Olay Teams Up With 'Ebony' Magazine In Latest STEM Push

As part of efforts to end gender bias in education, campaign, Olay has found a new way to nudge young women of color toward the sciences: a glam awards program with a good old-fashioned magazine cover.

The Procter & Gamble-owned beauty brand says the limited edition print issue -- Ebony’s first since 2019 -- is the next step in its goal of encouraging women of color to pursue careers in science, technology, engineering and math. The effort also helps focus attention on the role historically Black colleges and universities play in promoting these careers.

The Ebony edition attempts to show younger girls “some role models and give them inspirational leaders to look up to,” says Loren Fanroy, senior communications manager for Olay Skincare North America. It gives the Olay brand “the right platform and the space to talk about Black women who are making amazing strides for themselves.”



The special issue celebrates 10 “STEM Queens” from HBCUs, selected by voters on Ebony’s website. Each of the ten winners gets a $10,000 grant, mentorship options from women scientists at P&G, and a trip to Los Angeles for the awards.

And why a print magazine in an era when they’ve become dinosaurs? “Ebony is such a legacy media for African-American culture, history and entertainment,” says Fanroy. “It’s been part of the culture for decades.”

Ebony will sell the issue on select newsstands.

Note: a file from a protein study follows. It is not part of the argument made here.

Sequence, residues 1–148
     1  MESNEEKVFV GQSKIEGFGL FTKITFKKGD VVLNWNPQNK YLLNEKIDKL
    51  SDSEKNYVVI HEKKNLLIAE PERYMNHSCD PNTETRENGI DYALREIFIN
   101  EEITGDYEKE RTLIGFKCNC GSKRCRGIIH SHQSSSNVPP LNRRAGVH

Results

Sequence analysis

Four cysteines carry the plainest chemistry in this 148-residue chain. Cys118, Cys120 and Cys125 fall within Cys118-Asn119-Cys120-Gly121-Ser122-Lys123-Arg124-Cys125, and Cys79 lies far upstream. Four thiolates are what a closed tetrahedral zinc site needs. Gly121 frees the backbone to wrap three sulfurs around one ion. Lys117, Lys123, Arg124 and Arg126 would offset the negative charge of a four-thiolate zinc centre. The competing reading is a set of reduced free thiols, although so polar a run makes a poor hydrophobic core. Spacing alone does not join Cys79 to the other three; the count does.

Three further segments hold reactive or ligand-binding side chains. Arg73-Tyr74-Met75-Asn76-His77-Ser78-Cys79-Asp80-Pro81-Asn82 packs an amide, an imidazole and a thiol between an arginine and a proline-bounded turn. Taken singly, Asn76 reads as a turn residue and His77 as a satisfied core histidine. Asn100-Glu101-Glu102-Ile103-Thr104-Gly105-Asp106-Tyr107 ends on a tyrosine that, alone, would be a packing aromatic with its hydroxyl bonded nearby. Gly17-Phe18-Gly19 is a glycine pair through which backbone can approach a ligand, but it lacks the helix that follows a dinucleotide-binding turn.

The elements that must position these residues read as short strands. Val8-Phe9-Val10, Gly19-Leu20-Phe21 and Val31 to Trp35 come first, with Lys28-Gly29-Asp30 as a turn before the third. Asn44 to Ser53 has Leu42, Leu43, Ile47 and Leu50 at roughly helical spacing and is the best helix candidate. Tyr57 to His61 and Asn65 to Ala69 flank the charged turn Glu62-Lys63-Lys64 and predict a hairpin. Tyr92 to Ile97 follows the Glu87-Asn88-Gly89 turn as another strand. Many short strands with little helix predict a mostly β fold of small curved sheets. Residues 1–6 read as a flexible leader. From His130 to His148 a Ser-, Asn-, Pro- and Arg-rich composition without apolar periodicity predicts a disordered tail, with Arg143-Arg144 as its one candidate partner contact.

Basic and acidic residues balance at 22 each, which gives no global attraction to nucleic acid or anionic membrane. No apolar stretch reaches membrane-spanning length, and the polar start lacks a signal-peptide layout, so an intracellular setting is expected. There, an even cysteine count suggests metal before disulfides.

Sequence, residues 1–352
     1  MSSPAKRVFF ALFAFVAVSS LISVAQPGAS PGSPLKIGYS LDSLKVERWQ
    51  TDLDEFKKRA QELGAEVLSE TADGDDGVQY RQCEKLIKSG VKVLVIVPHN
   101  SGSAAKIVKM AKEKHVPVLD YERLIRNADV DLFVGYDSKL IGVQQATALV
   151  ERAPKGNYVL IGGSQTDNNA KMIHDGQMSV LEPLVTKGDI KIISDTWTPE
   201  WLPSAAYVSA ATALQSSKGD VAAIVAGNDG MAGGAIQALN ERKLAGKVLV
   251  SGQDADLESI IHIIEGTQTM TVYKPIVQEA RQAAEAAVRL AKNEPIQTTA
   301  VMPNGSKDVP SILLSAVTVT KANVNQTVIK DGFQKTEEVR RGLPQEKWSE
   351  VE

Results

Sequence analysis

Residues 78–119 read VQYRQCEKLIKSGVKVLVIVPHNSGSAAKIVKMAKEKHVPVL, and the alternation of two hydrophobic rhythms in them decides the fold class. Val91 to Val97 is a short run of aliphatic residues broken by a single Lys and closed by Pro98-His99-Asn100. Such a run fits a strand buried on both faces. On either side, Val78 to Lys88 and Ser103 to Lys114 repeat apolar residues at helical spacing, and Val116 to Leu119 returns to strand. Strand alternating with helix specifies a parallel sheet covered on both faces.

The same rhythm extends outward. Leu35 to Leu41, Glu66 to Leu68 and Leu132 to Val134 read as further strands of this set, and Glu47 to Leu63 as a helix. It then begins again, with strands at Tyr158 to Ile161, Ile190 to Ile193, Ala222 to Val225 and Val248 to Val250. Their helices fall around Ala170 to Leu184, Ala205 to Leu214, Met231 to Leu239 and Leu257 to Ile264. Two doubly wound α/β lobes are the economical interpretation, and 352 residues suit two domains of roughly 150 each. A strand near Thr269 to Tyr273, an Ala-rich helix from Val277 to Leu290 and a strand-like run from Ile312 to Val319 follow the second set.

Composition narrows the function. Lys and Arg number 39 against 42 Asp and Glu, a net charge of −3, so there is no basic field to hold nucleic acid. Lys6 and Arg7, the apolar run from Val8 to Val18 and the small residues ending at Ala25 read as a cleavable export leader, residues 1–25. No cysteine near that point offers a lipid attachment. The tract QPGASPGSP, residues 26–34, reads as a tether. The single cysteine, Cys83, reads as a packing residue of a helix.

Fanroy says it’s just one more way to get people talking about disparities in STEM. “Women account for just 27% of those jobs,” she says, “and [percentages are] even lower for Black women.”

She tells Marketing Daily the project seemed a natural fit for Olay. “We’re trying to do more to highlight this lack of representation, and we hope this encourages more young girls and young women to pursue STEM and stay on that path once they start.”

Fanroy says research continues to explore the best age to reach young women, with some studies showing it’s important to start as early as preschool. (Olay rival Dove just released a video highlighting the fact that hair-based discrimination impacts girls of color as early as five.)

Middle school continues to be a critical window, “with a drop of almost 50% in girls pursuing math or any other STEM field," says Fanroy.

“For girls, that’s just a time of lots of changes, and maybe losing confidence. If they’re not seeing other women and young girls pursuing STEM or feeling encouraged by people around them, that’s got a big impact.”

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